Vladimir Nabokov

NABOKV-L post 0024502, Mon, 19 Aug 2013 13:44:54 -0300

Re: [SIGHTING] Enkrypted words and transparencies
Carolyn Kunin [ to:"Perhaps someone will track down references to these various "spirits." Dubonnet, for one?"] :I think Jansy may have hit on a pun, a dig at spiritualism perhaps. And how apropos that would be as I watched Noel Coward's "Blithe Spirit" last night...Anyway there was Dirk Bogarde reminiscing about the time he brought " mrs Lewis " back to her studio ... If you don't recall it, and now that Dmitri has gone over to the "Dubonnet side", who besides Stan and myself were around in those days"

Jansy Mello: Dont't forget Dirk Bogarde playing Herman in Fassbinder's vision of VN's "Desire".(1977).

So, Carolyn developped my point about "spirits," thanks to her amazing familiarity with old English classic movies. However, one of her first lines led me immediately to a poem by Percy B. Shelley that begins with "Hail to thee, blith Spirit!."

Because I didn't remember if the bird in question was a nightingale or a skylark, my first search led me to Keats' "Ode to a Nightingale." I was wrong - but not for long, poor plucked "alouette" (who knows that children's French song?) I found a link bt two Johns: Keats and Shade, one which I'd never seen before

Here is what wikipedia informs: " 'Ode to a Nightingale' is a poem by John Keats written in May 1819 ... Inspired by the bird's song, Keats composed the poem in one day...a personal poem that describes Keats's journey into the state of Negative Capability. The tone of the poem rejects the optimistic pursuit of pleasure found within Keats's earlier poems and explores the themes of nature, transience and mortality, the latter being particularly personal to Keats. The nightingale described within the poem experiences a type of death but does not actually die. Instead, the songbird is capable of living through its song, which is a fate that humans cannot expect...In the poem, Keats imagines the loss of the physical world and sees himself dead—as a "sod" over which the nightingale sings. The contrast between the immortal nightingale and mortal man, sitting in his garden, is made all the more acute by an effort of the imagination.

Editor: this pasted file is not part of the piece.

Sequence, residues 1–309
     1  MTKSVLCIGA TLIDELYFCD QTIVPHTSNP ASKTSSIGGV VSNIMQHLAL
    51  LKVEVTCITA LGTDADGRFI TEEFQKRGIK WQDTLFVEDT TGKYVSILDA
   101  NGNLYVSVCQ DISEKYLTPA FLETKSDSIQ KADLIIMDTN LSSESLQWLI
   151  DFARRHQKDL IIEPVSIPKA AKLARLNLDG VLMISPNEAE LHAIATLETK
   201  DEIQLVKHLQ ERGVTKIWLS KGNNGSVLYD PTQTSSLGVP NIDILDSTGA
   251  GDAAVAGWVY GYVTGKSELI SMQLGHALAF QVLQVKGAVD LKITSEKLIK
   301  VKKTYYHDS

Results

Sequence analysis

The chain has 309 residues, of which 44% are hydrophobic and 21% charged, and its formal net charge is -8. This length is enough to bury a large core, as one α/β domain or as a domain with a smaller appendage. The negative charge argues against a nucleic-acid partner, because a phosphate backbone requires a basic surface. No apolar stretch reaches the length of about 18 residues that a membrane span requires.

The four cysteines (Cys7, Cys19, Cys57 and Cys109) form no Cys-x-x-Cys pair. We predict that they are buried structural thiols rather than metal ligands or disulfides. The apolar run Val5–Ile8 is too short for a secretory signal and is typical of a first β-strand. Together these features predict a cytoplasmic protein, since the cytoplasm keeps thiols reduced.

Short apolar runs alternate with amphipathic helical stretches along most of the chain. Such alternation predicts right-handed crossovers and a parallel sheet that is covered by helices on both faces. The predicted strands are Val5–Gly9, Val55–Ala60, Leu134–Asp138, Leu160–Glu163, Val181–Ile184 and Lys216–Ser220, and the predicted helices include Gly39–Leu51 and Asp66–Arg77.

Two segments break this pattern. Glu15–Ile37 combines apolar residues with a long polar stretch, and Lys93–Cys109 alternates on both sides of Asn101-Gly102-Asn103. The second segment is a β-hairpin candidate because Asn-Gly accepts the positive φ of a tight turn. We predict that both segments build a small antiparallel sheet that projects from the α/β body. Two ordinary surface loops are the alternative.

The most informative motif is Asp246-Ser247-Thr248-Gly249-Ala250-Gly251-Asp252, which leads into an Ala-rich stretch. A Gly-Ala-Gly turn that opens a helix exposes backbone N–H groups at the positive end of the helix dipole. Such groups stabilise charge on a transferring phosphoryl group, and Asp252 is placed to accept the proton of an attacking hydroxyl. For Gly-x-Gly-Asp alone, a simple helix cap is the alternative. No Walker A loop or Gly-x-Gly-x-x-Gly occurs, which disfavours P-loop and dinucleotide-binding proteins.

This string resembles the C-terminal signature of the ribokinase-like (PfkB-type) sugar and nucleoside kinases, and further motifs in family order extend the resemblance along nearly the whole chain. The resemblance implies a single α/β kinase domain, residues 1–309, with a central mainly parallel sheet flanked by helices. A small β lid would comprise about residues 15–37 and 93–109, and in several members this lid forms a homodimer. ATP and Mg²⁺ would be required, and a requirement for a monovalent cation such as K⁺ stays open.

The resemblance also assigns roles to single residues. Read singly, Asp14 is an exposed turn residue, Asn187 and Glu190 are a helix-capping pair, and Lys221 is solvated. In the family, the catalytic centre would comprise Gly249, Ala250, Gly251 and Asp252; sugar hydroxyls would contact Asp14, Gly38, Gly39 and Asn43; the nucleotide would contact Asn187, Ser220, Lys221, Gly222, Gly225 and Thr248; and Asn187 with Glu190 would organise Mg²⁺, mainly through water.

O, for a draught of vintage! that hath been
Cool’d a long age in the deep-delved earth,
Tasting of Flora and the country green,
//That I might drink, and leave the world unseen,
And with thee fade away into the forest dim: (lines 11–13, 19–20)
//Away! away! for I will fly to thee,
Not charioted by Bacchus and his pards,
But on the viewless wings of Poesy...

John Shade's investigation into death and IPH or the subtle allusion to Bede's sparrow crossing a lighted room are announced quite early in "Pale Fire," found in the deceiving mirrors and mirages of reality. His bird lives for ever but not by song, it's by its irresistible iambic flight, "the viewless wings of Poesy." Later on, just before being shot, Shade is sitting in his garden porch and imagines a flitting butterfly passing through light and shade.

I was the shadow of the waxwing slain
By the false azure in the windowpane;

I was the smudge of ashen fluff — and I

Lived on, flew on, in the reflected sky.


A dark Vanessa with a crimson band
Wheels in the low sun, settles on the sand

And shows its ink-blue wingtips flecked with white.

And through the flowing shade and ebbing light

A man, unheedful of the butterfly —

Some neighbor’s gardener, I guess — goes by

Trundling an empty barrow up the lane.

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